Orson Scott Card

More Information About Enchantment

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Reading Activities

Reading Strategies

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Before beginning the book, it would be helpful in making the story more interesting if the students knew about the background of the fairy tale told by Orson Scott Card. Therefore, becoming familiar with some Baba Yaga stories and various Sleeping Beauty Stories will be allow the students to understand certain references and ways in which the author manipulated the stories to create his own unique novel. Students will get to choose two of these stories or find another one and do a quick summary of one Baba Yaga story and one Sleeping Beauty story. Then as they read, they will keep track of the differences and similarities between the two on a worksheet and as a class discuss how they contribute to the themes and coherence of the story. What kind of effect does using the old stories have on the reader? and Why does the author hope for those effects? are types of questions the students will answer.

  • History of Russia

    Some of the languages and places that are part of Russia and its history are obscure and confusing. In order for the students to understand the history of what Russia and the United States was going through during the setting of the book, students will look up and learn the history of Russia during communism and the Berlin Wall. Also, the students will find out the origin of the languages in the book and know what people and time these languages would correspond to on a modern map. This can be considered a small research project, which can then be incorporated into a timeline with the dates, times, customs, and major events of the two time periods. This timeline will be added to as the students read the book. It can then be drawn on at the end of the unit to explore the connections between the two time periods and how the main characters were able to function together despite coming from two different backgrounds.
  • Screenplay Fairy Tales

    Another way of learning about the Baba Yaga stories and the Sleeping Beauty stories is to write a short screenplay of the story of their choice and act it out in front of the class. In groups, the students will have a class period to prepare and plan a short skit with a legitimate screenplay written out for it. Make sure to teach how to do dialogue and actions in a screenplay before this is done. The students will be using the same sources as used for “Parallel Fairy Tales”, but not the same activity. That will give the students a sense of how the old stories fit into the book as well, but will also help the students visualize the book in a theater setting, making the book more enjoyable to read. This teaches the skill that causes books to be enjoyable when students learn to picture the book happening in their mind.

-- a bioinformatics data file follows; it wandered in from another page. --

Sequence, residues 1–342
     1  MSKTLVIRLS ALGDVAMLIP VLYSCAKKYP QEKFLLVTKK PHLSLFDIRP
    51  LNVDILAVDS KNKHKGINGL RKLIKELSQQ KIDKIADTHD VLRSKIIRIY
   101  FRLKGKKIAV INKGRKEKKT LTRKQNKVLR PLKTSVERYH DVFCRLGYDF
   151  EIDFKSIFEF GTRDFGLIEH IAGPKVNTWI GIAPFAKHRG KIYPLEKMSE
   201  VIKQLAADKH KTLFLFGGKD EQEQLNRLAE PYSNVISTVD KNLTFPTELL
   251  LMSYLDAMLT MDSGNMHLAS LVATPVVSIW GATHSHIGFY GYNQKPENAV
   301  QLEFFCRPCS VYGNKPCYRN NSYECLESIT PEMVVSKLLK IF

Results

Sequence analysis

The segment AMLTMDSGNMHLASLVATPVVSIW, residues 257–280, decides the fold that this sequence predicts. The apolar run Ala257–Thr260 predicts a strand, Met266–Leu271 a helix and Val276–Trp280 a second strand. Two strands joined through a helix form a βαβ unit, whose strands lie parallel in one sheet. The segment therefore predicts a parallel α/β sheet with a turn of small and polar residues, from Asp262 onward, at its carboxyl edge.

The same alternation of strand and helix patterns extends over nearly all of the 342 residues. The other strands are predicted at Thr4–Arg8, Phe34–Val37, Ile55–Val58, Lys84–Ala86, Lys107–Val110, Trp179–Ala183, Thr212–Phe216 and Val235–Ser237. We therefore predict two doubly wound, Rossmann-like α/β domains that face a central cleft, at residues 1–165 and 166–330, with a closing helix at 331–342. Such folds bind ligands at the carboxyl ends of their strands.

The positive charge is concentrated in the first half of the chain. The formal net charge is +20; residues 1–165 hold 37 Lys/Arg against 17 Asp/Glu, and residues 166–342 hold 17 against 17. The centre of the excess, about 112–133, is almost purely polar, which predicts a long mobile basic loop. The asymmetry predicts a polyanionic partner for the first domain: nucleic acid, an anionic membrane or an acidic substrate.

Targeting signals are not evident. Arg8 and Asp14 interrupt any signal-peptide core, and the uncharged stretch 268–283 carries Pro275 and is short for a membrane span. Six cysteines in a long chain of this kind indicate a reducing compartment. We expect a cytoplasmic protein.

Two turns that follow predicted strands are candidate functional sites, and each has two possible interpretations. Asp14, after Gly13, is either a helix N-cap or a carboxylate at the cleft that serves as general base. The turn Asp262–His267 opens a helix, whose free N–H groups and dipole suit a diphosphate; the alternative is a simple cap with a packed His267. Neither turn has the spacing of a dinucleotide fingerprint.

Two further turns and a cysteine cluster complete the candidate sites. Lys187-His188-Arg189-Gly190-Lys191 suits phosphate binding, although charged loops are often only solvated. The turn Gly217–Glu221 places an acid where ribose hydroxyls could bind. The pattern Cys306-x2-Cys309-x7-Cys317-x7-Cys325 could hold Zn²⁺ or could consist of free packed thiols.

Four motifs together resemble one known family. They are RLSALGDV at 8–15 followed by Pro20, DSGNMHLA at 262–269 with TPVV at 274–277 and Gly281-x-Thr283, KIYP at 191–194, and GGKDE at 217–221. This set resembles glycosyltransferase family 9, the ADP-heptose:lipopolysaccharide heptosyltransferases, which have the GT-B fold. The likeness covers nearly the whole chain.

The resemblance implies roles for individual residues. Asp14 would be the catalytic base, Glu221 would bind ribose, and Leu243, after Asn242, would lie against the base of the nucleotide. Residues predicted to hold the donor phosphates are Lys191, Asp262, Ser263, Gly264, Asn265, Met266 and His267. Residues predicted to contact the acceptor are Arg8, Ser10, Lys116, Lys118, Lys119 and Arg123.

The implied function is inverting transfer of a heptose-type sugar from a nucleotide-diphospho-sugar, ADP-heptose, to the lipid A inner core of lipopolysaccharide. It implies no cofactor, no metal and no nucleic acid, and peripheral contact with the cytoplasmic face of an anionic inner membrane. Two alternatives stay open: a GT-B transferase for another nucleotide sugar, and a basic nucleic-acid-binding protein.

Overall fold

• Teaching Orson Scott Card

    Knowing the author of a book will help the students understand the purpose for the book and therefore what students should learn from the book. Students will do research on Orson Scott Card and come up with a PowerPoint in groups to teach to the class about him. There will be different aspects of him that can be taught by different groups so they are not all teaching the same thing. For example, his past books and overarching themes, his life, quotes from him about the book or about his other books, other authors’ comments of him, etc.
  • Creating a Utopia

    The intermixing of cultures is a big part of this novel. In order to teach how difficult it can be to adapt to a different culture, students will come up with a culture completely different from their own. This make-believe world will include weather, time period, social nuances, government, scientific advancement, way of life, religion, activities, and anything else that the teacher could think of. This world will be presented to the class. Then, the students will write a story about themselves if they were to be dropped into the world knowing nothing about it. This story will address those issues mentioned above and will have a plot. This activity is based on one I did in my sophomore class in which we created our own Utopias after reading Brave New World.
  • Parallel Fairy Tales Road Map

    Using the information found on Baba Yaga and Sleeping Beauty and other previous fairy tales, students will keep a chart that tracks comparisons between Enchantment and the old stories. So, as students read and learn the novel, they will note the differences and similarities between the two and discuss how they contribute to the themes and coherence of the story. What themes are similar between the stories? How do these themes affect the reader’s comprehension of the story? and Why does the author hope for those effects? Have a class discussion on these and other effects of the stories.

  • Creating Screenplays from Novels

    Acting out scenes in plays is an effective way of helping the class understand and enjoy the plot, characters, and themes. In the same way, by creating a screenplay out of scenes from a regular novel, the students will learn how to transfer characters and plot lines into dialogue and actions that reflect the story. Later on, students will be able to understand plays and Shakespeare and drama and search out new talents that they may enjoy. Plus, I have found in my own secondary school experiences that when I acted something out in front of the class, I remembered and learned it better.
  • Getting the Characters Straight

    Students will be able to characterize Card’s characters in a way that they better understand the play and why those characters do what they do. This will help to connect the characters to the students so they can learn from the mistakes and successes of the characters. They will do this by creating two basic charts, one for descriptions of each character, and the other for the relationships between characters. The students will receive these charts before starting to read the book and fill it out as they go along. Then we will have class discussions to understand Card’s method of characterization and why he chose to do it and what effect it has on the readers.
  • Debating Cultures